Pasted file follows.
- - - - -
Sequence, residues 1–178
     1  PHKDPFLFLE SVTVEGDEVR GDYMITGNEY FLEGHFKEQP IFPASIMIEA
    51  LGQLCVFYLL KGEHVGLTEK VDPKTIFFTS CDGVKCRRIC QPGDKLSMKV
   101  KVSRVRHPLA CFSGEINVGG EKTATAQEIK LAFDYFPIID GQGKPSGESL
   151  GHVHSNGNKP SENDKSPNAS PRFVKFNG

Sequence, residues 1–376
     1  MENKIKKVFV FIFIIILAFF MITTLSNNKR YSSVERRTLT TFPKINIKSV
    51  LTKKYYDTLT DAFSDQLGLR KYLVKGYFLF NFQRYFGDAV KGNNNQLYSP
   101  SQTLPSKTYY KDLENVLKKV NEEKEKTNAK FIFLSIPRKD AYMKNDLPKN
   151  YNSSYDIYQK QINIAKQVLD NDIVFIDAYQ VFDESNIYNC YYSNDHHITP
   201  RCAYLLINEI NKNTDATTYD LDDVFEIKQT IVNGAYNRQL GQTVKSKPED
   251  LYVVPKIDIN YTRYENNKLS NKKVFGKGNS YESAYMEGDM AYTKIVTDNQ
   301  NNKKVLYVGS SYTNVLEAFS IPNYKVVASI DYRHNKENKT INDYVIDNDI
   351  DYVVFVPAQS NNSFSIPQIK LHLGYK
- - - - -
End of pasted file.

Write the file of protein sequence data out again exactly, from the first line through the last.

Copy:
Sequence, residues 1–178
     1  PHKDPFLFLE SVTVEGDEVR GDYMITGNEY FLEGHFKEQP IFPASIMIEA
    51  LGQLCVFYLL KGEHVGLTEK VDPKTIFFTS CDGVKCRRIC QPGDKLSMKV
   101  KVSRVRHPLA CFSGEINVGG EKTATAQEIK LAFDYFPIID GQGKPSGESL
   151  GHVHSNGNKP SENDKSPNAS PRFVKFNG

Sequence, residues 1–376
     1  MENKIKKVFV FIFIIILAFF MITTLSNNKR YSSVERRTLT TFPKINIKSV
    51  LTKKYYDTLT DAFSDQLGLR KYLVKGYFLF NFQRYFGDAV KGNNNQLYSP
   101  SQTLPSKTYY KDLENVLKKV NEEKEKTNAK FIFLSIPRKD AYMKNDLPKN
   151  YNSSYDIYQK QINIAKQVLD NDIVFIDAYQ VFDESNIYNC YYSNDHHITP
   201  RCAYLLINEI NKNTDATTYD LDDVFEIKQT IVNGAYNRQL GQTVKSKPED
   251  LYVVPKIDIN YTRYENNKLS NKKVFGKGNS YESAYMEGDM AYTKIVTDNQ
   301  NNKKVLYVGS SYTNVLEAFS IPNYKVVASI DYRHNKENKT INDYVIDNDI
   351  DYVVFVPAQS NNSFSIPQIK LHLGYK